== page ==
You would think having an auto-immune disease would be enough to worry about, right?! Did you know that if you have an auto-immune disease you can develop serum sickness from getting a wasp, bee sting, or other insect?
Learning from life
So, we had a wasp infestation! They were building their house under the cement and our back porch. Totally not invited or welcome!
My daughter’s puppy got stung and then one of my other daughters also got stung. It seemed like no big deal. It was just a little sting on her ankle. We did all the things you do for a wasp sting: antihistamine, pain killer, and put an ice pack on it.
It seemed fine! She seemed recovered, but then about 10 days later, it wasn’t!
Wasp sting complications
Her ankle looked like she had just been stung, 10 days after the actual sting! She developed a rash and it became so hot!!! We went through all the things again: Benadryl, ibuprofen, and ice pack. Finally, realized we needed to get her into the doctor.
The rash was starting on her other foot too! What?! That doesn’t make sense! Who has a wasp reaction nearly two weeks after being stung?
Turns out people with auto-immune disease can and apparently do!
This reaction even has its own name, serum sickness. It is a reaction to some bug bites, bee stings, wasp stings and anti-venom treatments. It is similar to an allergy, but is actually an immune system response.
The body creates antiserum in the plasma when a toxin is introduced to it. Like the toxins from being stung. This is a normal thing that the body does.
In serum sickness, the body mistakes this protein-based antiserum your body has created to fight off the toxin and your body attacks it as a danger. This attack is a triggered immune response.
Unlike an allergic reaction which happens quickly, serum sickness can happen 10 days to 3 weeks after the sting. (Some sources I looked at said up to 2 weeks and others said up to 3 weeks.) Talk about a delayed reaction!
I suppose during that time the body is creating the antiserum which it later attacks.
Symptoms of Serum sickness
- Rash– starts in a small area and then spreads out. It can open into lesions. It can be quite itchy.
In my daughter’s case (I got a few pictures a few days after starting the steroid cream.), the sting area was very red and then a little dotted rash spread out from there as well as thicker red patches. Thankfully no lesions!
- Fever– You can run a fever that can be more than 101 degrees Fahrenheit.
My daughter had a slight fever, but her sting sight had a fever. Meaning the sting sight was quite hot! We put an ice pack on it to help.
- Joint Pain– pain in hands, wrists, ankles, knees, and shoulders.
As I am writing this, I remembered that we took her to the chiropractor because of the pain in her shoulder. Now I am seeing that it was another symptom during that time.
- Swelling– swelling is a build up of fluid and usually occurs in your hands, feet and face.
My daughter had swelling in her ankle, but we thought that was because of where her sting occurred. Evidently, not and makes sense as to why the other ankle also swelled. After 3 days of medication, can almost comfortably wear shoes again.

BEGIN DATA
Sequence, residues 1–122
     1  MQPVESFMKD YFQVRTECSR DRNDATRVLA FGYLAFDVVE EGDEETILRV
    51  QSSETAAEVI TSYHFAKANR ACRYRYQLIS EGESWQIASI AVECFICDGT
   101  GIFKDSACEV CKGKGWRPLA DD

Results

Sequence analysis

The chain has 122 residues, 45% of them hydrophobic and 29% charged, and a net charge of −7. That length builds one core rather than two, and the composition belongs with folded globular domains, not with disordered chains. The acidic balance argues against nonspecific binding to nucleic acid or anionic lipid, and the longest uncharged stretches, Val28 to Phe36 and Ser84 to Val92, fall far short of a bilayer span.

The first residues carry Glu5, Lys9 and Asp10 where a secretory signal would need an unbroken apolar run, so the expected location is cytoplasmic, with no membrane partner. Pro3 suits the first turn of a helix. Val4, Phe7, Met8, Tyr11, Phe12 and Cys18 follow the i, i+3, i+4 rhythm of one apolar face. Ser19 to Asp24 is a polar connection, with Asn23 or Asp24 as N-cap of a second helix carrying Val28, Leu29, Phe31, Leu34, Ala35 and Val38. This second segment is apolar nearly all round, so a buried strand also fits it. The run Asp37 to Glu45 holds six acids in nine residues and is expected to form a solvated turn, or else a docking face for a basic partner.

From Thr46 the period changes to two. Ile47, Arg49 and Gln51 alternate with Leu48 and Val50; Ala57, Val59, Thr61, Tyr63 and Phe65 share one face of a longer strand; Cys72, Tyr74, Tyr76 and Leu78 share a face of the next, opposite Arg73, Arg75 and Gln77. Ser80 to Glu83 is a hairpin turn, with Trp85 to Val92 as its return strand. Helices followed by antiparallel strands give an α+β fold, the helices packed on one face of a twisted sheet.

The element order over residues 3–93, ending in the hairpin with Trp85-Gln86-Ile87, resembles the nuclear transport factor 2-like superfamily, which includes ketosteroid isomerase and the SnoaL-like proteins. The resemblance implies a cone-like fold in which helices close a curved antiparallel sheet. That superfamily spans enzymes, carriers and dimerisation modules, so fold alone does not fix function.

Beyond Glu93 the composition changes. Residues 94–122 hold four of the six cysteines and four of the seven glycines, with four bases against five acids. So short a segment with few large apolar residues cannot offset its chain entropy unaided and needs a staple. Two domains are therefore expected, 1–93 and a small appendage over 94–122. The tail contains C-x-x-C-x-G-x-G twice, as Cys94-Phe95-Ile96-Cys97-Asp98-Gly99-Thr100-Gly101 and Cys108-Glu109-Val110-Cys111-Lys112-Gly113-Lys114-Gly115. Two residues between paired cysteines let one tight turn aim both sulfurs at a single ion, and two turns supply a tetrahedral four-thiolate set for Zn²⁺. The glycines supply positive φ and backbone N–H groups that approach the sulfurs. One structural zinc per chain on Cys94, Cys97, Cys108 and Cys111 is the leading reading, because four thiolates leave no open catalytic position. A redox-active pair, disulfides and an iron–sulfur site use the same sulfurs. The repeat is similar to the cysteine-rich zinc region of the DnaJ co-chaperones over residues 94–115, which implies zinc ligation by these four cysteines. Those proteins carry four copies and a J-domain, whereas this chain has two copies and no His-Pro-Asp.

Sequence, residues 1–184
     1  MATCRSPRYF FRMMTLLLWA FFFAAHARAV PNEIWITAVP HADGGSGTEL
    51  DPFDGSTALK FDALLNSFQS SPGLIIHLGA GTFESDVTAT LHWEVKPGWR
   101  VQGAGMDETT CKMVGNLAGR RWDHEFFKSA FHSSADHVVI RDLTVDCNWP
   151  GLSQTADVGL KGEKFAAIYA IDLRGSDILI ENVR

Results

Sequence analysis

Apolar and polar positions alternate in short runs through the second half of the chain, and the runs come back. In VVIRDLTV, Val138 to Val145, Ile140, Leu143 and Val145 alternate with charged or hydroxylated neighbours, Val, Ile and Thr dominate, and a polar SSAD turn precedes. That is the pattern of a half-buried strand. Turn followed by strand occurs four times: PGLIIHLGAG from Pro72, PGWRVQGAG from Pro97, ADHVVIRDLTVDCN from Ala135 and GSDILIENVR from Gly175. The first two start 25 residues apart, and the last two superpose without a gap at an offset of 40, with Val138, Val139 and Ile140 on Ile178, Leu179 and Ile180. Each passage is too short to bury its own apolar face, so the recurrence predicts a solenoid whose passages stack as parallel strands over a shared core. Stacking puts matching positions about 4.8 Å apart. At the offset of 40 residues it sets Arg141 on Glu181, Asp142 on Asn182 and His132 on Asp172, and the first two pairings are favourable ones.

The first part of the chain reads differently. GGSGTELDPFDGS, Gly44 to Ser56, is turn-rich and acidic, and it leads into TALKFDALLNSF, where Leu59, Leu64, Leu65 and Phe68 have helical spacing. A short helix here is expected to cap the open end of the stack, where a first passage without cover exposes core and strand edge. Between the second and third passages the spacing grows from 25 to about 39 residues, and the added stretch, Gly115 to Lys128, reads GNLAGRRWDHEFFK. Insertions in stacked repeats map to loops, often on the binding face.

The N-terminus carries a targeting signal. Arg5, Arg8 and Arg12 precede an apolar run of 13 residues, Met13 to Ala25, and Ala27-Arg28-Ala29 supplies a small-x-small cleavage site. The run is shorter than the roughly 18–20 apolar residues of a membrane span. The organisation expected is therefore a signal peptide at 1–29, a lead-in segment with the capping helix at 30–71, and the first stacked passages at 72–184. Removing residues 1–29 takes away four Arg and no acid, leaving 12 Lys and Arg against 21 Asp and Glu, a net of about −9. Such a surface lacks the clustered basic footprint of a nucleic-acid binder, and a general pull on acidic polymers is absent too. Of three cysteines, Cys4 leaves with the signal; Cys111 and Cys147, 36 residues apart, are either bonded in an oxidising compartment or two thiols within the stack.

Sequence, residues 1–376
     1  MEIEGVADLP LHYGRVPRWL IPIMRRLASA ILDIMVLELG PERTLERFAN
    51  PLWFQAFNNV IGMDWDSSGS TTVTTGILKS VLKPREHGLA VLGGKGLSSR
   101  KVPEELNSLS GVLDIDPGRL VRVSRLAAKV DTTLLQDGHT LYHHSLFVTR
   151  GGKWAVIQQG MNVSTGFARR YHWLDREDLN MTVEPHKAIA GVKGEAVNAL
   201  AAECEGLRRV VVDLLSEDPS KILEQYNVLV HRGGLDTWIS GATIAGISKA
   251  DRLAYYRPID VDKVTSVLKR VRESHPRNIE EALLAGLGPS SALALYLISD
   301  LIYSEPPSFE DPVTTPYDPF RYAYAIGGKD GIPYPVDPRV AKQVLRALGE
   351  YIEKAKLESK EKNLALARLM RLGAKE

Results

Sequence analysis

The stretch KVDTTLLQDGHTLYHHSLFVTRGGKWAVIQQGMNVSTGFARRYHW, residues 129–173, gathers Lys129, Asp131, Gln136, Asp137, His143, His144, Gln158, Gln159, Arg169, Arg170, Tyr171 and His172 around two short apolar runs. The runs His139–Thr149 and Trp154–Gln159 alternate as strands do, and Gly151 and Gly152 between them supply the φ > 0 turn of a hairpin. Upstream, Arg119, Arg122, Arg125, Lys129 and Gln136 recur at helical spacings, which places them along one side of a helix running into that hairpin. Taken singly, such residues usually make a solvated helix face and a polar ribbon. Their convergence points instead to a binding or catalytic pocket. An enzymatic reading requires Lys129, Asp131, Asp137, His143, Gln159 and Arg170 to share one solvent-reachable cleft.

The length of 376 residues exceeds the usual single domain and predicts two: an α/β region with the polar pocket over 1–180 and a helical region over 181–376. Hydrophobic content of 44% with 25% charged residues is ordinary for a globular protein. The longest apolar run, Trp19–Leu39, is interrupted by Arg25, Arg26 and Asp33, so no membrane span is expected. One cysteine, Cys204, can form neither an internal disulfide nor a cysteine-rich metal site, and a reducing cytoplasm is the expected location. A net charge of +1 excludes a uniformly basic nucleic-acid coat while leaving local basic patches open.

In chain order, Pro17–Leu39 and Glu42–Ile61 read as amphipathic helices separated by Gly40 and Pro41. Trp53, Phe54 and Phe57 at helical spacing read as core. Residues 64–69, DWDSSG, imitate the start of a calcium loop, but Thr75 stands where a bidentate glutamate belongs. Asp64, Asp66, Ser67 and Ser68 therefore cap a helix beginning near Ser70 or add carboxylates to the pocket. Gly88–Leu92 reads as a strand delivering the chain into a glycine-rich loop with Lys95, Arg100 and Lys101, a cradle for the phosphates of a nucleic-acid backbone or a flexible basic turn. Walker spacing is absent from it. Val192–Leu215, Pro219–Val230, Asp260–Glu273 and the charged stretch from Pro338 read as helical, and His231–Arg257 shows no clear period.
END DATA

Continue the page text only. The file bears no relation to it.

Serum Sickness Treatment
Often, as the bee or wasp serum is filtered out of your system, the symptoms of serum sickness will improve on their own and go away.
Not my daughter’s case! Our doctor prescribed a steroid cream to use on the rash and sting sight. It took a few days to begin working and looking better. (We have been especially concerned since she will be leaving for college in a week.)
- Non-steroidal pain medication- like ibuprofen. This will help with swelling, discomfort and fever.
- Antihistamines – to reduce the rash and itching.
A day after my daughter started her steroid cream, the rash appeared on her arm and her wrist looked like it was swelling. Benadryl did help with it and it settled down quickly.
Most of the time patients have complete recovery, but need to avoid stings in the future.
Avoiding Serum Sickness
Just like people with allergies to wasp and bee stings, you should avoid being stung in the future. Seems like a silly thing to say, since, who wants to be stung?
If you have had serum sickness once, you are likely to have a reaction and sooner than before. The best thing to do is to avoid being stung again.
- Avoid the odor of sweat. Evidently insects are attracted to sweat. Wear clean sweat free clothes and bathe daily.
- Stay away from flowering plants that attract stinging insects.
- Avoid food and drinks that attract stinging insects when you are outside.
- Don’t swat out or irritate stinging insects. Be calm and move away from them.
- Avoid perfumed or heavily scented soaps, shampoos, lotions, and deodorants.
- Wear light colored clothing
- Clothing that covers your body will keep them from getting to your skin.
- Wear shoes and socks.
Serum sickness is potentially avoidable, if you avoid stinging insects and insect bites. There are ways you can protect yourself to have a better chance of not getting this.
In my opinion, since this involves an immune system reaction, it is a good idea to consult with your doctor. The symptoms are quite alarming and you want to make sure there isn’t anything else that should be done, watched for or considered.